William Miller February 15, 1782 – December 20, 1849

William Miller’s belief about God and His Son:

“I believe in God, the Father of our Lord Jesus Christ, who is a Spirit, omnipresent, omniscient, having all power, creator, preserver, and self-existent. As being holy, just and beneficent, I believe in Jesus Christ, the Son of God, having a body in fashion and form like man, divine in his nature, human in his person, godlike in his character and power. He is a Savior for sinners, a priest to God, a mediator between God and man, and King in Zion. He will be all to his people, God with us forever. The spirit of the Most High is in him, the power of the Most High is given him, the people of the Most High are purchased by him, the glory of the Most High shall be with him, and the kingdom of the Most High is his on earth.” William Miller’s Works Vol 1 (1842) page 33

William Miller’s belief in the Trinity

William Miller, considered the father of the SDA denomination, was reared in a religious atmosphere. His mother was the daughter of a minister who wove into William’s life the religious instruction received in her early years. For three years he served as an officer in the United States Army. Later he became an ardent Bible student. Regarding his study Francis D. Nichol writes:

“He evidently studied the scriptures with a view to formulating for himself a clear-cut belief on every Bible doctrine that affected his salvation. In a small notebook, still preserved, is found a statement of belief in his own handwriting, It is dated “Hampton, September 5th, 1842.” (Francis D Nichol, The Midnight Cry, p. 36

W. Miller was a Calvinistic Baptist, and with the exception of one article concerning his belief in the second coming of Christ, any Calvinistic Baptist would freely affirm his personally established creed.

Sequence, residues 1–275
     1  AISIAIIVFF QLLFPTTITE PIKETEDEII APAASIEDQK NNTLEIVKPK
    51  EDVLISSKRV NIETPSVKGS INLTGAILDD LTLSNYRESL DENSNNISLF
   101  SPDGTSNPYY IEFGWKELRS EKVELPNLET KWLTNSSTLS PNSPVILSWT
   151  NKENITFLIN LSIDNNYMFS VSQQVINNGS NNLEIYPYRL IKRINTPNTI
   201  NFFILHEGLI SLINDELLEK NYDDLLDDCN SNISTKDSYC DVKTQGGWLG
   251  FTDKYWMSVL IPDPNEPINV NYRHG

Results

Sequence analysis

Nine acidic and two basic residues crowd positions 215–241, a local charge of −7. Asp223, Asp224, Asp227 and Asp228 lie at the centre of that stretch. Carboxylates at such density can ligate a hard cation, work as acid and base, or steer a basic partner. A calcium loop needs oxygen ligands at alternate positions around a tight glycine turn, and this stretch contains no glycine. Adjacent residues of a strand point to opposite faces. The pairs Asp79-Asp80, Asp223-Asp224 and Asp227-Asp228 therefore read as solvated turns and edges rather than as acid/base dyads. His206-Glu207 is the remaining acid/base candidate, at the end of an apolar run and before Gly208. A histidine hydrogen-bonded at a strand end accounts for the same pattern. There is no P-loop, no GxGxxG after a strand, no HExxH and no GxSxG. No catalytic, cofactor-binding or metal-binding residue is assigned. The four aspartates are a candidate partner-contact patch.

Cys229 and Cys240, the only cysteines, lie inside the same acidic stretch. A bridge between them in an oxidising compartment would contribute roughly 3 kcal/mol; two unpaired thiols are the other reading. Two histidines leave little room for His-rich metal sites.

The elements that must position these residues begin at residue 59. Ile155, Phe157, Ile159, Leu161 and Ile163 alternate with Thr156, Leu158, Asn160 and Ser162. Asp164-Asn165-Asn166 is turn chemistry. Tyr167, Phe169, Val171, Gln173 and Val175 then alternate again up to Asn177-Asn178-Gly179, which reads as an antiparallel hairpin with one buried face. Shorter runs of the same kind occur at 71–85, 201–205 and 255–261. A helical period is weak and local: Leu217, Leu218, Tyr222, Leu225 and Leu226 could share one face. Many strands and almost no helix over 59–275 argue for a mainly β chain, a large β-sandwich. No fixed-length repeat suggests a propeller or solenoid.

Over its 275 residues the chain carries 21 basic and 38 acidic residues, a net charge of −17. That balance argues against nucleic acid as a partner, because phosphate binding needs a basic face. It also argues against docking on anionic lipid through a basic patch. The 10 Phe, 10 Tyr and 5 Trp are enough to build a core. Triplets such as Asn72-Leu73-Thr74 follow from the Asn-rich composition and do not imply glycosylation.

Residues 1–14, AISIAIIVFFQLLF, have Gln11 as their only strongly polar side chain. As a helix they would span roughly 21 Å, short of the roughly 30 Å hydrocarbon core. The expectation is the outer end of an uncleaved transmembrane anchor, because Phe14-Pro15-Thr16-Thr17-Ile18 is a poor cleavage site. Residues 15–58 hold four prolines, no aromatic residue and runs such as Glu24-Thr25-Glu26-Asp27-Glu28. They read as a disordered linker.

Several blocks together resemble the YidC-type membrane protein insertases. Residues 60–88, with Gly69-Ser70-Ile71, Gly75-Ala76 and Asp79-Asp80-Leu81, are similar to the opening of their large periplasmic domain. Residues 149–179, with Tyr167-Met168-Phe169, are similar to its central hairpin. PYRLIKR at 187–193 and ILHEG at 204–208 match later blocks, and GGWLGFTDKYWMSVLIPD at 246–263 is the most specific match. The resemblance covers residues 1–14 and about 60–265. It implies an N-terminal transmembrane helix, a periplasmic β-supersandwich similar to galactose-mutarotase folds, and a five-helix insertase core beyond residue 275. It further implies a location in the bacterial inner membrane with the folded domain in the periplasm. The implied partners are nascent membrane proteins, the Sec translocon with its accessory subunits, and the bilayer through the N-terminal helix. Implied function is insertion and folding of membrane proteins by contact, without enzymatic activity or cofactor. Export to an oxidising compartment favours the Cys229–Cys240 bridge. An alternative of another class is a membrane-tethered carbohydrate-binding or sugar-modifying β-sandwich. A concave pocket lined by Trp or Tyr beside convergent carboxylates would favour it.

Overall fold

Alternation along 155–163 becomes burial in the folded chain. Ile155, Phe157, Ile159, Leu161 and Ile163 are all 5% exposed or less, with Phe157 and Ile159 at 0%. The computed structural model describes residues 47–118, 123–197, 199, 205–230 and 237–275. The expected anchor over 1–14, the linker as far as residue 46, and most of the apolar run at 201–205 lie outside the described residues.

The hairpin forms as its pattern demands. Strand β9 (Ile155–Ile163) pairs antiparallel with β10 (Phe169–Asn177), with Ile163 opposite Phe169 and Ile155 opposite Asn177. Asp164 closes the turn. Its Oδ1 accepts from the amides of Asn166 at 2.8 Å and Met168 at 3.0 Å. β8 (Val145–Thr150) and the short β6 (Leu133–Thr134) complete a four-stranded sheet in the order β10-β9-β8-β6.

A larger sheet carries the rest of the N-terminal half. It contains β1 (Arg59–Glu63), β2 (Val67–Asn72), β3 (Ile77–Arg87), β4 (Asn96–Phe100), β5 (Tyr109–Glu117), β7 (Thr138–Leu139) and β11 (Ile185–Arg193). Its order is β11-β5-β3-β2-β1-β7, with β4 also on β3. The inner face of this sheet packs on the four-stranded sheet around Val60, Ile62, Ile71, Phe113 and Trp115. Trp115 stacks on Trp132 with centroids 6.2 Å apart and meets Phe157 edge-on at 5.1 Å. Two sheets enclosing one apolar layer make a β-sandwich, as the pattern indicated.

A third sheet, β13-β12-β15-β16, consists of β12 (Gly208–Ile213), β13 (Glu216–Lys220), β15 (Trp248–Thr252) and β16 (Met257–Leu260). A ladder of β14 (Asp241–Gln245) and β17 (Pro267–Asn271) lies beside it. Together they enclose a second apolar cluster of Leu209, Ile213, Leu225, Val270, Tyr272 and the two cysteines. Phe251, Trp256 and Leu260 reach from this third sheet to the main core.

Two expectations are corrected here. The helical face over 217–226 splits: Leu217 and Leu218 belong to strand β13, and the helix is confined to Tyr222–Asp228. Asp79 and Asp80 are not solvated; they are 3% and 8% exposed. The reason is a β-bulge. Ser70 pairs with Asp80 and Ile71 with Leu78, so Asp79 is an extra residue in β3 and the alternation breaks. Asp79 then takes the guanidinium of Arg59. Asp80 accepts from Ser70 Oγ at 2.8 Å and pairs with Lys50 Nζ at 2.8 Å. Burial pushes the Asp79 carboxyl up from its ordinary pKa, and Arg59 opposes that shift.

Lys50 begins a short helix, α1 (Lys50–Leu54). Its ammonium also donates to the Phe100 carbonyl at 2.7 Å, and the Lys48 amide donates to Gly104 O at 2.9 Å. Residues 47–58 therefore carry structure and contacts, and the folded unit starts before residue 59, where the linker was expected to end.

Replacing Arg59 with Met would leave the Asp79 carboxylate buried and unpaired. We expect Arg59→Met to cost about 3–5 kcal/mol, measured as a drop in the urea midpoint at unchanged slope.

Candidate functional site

William Miller’s background and study led him to accept the doctrine of the Trinity, and reject the Unitarian theory regarding the Godhead, He states in article two of his beliefs:

“I believe in one living and true God, and that there are three persons in the Godhead— as there is in man, the body, soul, and spirit. And if anyone will tell me how these exist, I m i l tell him how the three persons of the Triune God are connected.” (James White, Life of William Miller, p. 59)

In article three of his statement of beliefs he continues with this idea:

“I believe that God, by his Son, created man in the image of the Triune God with a body, soul, and spirit; and that he was created a moral agent, capable of living, of obeying, or transgressing the laws of his maker.” (ibid, p. 60)

He goes on to show that he realized that the Holy Spirit had an active part in the salvation of fallen man.

“I believe that through the agency of the Holy Spirit, sinners are made the recipients of mercy in conformity to the divine plan, founded on the wisdom and knowledge of God; the fruits of which are manifest in the recipient by works of repentance and faith; and without which no man, coming to years of discretion, and able to choose between good and evil, can have an interest in the blood and righteousness of Christ.” (Loc. cit.)